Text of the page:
Out of the Unknown – Lambda 1


Story by Colin Kapp, Adapted by Bruce Stewart
Directed by George Spenton-Foster

In the future, conventional travel has been rendered obsolete by the TAU craft.  It doesn’t travel on or above the Earth’s surface – instead it travels through it.  The TAU craft operates under four atomic modes – Gamma, Delta, Epsilon & Omega – with Gamma being the safest and Omega the most dangerous.

A routine passenger craft (the Elektron) slips into Omega mode and becomes trapped in solid rock with seemingly no means of escape.  UK TAU controller Paul Porter (Sebastian Breaks) has a personal stake in ensuring the craft is recovered – his wife Julie (Kate Story) is aboard.  So Porter is persuaded by Eric Benedict (Ronald Lewis) to pilot the Lambda 1 craft on a hazardous rescue mission.

Lambda 1 is something of a shambles.  There’s the germ of a good idea but the production is so flawed that it only works intermittently.  At the start of the story we’re given a great deal of information about the TAU system, the various atomic modes it uses and are introduced to numerous characters.  The problem is that there’s too much information and too many characters – so there’s not a great deal that makes a lasting impression.

As time goes on it becomes clear that Paul Porter will become an important character, but it’s not initially obvious that he’s based in the UK and isn’t on the stricken ship.  Although the action cuts back between the ship and the UK command base, it takes a while to differentiate between the two.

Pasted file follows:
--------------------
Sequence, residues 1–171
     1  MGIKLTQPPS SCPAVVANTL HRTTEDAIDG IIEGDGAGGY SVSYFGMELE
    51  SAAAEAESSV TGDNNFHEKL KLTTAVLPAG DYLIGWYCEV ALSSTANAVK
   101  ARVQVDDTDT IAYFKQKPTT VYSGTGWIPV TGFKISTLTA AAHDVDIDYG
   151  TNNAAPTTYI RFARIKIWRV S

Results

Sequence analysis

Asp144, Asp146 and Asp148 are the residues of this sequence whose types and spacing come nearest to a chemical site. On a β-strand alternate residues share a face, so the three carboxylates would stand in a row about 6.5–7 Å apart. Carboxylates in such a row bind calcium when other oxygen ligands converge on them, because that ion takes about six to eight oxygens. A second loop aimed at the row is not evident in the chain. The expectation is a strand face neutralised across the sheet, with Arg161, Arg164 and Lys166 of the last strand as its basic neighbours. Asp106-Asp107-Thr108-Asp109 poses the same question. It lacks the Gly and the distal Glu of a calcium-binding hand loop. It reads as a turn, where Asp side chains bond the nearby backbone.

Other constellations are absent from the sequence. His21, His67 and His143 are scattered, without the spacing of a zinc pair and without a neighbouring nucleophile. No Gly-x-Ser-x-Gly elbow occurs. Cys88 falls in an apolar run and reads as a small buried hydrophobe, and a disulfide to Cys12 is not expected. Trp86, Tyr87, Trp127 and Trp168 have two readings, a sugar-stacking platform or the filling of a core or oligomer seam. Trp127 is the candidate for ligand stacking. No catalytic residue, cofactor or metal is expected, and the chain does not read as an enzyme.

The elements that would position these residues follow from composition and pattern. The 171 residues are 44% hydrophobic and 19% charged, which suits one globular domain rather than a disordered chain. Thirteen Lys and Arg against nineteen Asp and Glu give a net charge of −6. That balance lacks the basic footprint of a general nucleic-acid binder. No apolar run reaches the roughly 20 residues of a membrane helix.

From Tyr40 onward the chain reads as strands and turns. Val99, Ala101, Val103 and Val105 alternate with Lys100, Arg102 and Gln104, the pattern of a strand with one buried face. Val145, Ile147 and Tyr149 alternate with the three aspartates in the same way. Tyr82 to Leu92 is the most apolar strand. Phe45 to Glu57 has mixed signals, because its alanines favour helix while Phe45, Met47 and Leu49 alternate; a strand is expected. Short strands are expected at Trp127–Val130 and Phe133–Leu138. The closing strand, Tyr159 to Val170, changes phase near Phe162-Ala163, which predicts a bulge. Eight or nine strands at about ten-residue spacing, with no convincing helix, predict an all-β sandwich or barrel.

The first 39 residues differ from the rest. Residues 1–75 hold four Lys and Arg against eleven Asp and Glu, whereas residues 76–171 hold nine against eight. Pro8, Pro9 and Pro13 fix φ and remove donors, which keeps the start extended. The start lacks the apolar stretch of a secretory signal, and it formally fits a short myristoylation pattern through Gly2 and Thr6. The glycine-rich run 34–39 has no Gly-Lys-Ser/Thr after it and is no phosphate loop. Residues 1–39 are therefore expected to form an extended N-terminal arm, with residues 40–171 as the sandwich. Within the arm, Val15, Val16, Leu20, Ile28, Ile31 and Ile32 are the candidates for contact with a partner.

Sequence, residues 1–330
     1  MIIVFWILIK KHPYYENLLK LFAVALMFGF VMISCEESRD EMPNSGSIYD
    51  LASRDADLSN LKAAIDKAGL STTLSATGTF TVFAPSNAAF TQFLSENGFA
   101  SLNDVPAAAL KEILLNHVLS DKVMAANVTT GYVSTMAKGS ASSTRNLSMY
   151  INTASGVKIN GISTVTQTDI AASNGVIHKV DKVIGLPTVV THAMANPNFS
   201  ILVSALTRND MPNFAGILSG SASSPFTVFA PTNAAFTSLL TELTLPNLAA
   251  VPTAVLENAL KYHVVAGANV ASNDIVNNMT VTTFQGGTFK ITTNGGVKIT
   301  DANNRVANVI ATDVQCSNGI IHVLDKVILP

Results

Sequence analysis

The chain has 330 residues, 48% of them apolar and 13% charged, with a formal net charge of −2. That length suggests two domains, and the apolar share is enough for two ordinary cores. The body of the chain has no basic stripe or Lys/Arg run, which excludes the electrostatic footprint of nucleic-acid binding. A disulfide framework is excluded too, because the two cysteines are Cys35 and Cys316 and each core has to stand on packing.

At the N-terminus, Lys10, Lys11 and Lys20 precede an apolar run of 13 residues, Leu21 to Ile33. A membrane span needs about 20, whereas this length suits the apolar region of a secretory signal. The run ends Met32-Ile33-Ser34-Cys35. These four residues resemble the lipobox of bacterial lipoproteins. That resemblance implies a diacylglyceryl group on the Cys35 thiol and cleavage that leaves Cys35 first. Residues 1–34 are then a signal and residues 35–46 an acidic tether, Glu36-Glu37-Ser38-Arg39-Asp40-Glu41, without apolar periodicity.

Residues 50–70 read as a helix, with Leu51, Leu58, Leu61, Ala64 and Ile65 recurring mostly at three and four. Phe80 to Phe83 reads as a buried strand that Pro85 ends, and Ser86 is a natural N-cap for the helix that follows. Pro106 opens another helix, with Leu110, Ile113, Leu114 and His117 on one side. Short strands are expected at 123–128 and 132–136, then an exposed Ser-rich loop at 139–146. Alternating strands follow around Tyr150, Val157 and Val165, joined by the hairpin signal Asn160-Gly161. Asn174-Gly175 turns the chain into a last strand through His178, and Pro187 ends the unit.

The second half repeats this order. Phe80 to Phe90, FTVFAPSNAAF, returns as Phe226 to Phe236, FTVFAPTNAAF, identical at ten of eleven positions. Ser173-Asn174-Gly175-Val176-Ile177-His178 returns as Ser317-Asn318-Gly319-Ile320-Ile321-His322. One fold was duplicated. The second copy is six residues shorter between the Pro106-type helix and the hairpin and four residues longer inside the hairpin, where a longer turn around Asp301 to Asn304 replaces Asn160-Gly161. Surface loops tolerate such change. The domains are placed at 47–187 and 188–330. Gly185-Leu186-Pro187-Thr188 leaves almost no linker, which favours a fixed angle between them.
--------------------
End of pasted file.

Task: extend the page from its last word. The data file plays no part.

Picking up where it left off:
Charles Tingwell is good as the boozy Captain Dantor and Michael Lees is quite effective as a twitchy passenger, Ferris, but the rest of the cast don’t make much of an impression.  George Spenton-Foster’s direction is somewhat loose – cues are late, the camera positions are sometimes a little off and there are occasions when a retake would have really helped the production.

The sequences when Porter enters Omega mode and is beset by strange hallucinations work very well and they’re easily the best part of the story.  But the problems with the script, direction and performances do tend to dissipate the audience’s goodwill, so that by the end it’s difficult to imagine many people will really care about the fate of the ship and its passengers.

Certainly one of the least engaging of the surviving episodes, Lambda 1 was probably a victim of its own ambition.  By over-reaching, it ends up as a rather unsatisfying experience.

Next up – Level Seven

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